This give me the dimensions of a single tread on one of the tracks of the crawler: 90" x 25" x 18".  Height should be the shortest, so I'm going with 2250 in^2 of contact patch.  This says it has 4 tracks with 57 treads each, but the photo down the bottom shows 33 in the air, so 24 on the ground at a time per track.  24 x 4 x 2250 = 216,000 in^2 of contact patch.  It also lists the curb weight at 5,999,000 lbs (I do _not_ weigh 6 million pounds!  How dare you!) leaving us with 27.77 PSI.  Me and my bike are pushing nearly twice as hard.

(Of course, in an ideal mathematical model the contact patches of a tire would be infinitesimally small at the point of first contact - they're bigger because either the tire or the road surface deforms.  I'm pretty sure I know which deforms most easily in the cases of: a rubber air-filled tire, asphalt, and metal treads.)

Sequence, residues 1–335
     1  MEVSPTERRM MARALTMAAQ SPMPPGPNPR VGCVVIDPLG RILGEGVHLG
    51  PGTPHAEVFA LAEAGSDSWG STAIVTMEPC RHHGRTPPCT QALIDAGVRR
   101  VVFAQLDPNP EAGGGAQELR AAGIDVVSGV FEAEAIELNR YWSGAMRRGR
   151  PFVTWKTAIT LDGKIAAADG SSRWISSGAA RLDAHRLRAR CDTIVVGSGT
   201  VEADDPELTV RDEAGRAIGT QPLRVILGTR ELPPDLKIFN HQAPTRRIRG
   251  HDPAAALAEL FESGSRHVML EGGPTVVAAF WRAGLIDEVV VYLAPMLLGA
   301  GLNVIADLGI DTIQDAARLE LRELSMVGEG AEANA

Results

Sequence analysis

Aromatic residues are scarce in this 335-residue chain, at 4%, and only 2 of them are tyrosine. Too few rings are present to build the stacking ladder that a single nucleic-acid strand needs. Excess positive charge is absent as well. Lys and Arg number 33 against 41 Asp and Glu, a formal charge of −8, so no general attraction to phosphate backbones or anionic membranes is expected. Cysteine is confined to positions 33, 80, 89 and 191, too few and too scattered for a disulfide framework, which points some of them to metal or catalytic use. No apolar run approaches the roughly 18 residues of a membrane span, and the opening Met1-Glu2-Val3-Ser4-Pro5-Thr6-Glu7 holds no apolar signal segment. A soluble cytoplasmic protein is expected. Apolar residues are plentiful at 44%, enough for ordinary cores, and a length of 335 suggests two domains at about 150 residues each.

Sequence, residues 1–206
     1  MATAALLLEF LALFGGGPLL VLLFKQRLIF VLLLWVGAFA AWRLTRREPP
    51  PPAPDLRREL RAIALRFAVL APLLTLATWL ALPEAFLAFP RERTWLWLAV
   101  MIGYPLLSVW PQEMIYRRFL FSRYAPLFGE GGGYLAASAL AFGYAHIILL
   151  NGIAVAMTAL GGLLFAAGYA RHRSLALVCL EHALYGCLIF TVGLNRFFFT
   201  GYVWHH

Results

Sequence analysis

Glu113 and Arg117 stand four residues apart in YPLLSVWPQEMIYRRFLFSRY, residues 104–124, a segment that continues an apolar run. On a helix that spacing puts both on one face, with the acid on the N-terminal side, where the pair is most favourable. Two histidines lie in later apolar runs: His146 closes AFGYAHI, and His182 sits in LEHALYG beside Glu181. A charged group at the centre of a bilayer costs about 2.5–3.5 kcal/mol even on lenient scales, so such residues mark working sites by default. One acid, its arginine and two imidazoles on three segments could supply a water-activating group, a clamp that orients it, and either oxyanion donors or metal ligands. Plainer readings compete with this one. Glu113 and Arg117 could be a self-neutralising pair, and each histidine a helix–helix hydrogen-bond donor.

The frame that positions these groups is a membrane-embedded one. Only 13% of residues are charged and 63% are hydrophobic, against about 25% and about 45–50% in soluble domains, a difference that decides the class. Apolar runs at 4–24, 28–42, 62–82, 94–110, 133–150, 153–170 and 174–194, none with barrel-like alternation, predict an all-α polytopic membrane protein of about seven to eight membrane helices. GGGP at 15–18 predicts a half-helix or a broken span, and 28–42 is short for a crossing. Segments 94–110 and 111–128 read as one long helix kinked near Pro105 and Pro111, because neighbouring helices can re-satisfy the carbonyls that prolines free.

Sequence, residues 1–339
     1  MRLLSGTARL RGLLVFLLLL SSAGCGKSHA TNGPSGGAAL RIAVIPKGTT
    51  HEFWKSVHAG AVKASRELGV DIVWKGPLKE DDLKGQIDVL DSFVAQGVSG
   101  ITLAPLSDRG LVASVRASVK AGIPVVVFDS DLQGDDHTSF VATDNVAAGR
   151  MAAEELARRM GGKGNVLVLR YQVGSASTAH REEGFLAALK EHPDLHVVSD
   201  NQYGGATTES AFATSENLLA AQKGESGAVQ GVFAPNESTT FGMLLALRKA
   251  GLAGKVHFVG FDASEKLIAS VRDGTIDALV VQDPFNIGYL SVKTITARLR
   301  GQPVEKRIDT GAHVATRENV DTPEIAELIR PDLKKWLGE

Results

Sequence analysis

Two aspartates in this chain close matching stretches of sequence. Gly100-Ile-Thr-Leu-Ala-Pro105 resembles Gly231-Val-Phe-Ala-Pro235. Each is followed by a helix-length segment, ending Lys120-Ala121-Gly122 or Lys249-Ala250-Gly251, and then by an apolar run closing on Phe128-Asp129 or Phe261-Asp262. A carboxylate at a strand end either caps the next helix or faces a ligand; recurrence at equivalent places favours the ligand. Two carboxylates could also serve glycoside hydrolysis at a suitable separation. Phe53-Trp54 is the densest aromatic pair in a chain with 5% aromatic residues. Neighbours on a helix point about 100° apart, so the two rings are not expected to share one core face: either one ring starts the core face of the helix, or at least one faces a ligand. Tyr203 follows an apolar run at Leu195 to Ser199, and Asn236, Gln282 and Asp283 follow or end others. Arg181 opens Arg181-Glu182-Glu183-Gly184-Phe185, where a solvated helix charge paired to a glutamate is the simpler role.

I wonder how big the contact patches are on my rollerblades?

Monday, April 15, 2013


How big should you make a ring-shaped orbital to get a 24-hour day?

Centrifugal acceleration a = v^2 / r

9.8 m / s^2 = v^2 / r

v = 1 rev / day = 2 * pi * r / 86400 s

9.8 m / s^2 = (2 * pi * r / 86400 s) ^ 2  / r

 = 5.289 * 10 ^ -9 * r

r = 1,853,078,528.45 m =~1.85 million km.

Yep, Banks got it about right.

Friday, December 14, 2012

This is the first time I've seen anyone make this connection in a scientific fashion. Check the research is solid before repeating it.

Sunday, October 28, 2012


Geekin out the maths, and might actually have a use for this again someday.  How to custom-design a piece of a cone, to step a cylinder of one size down to another.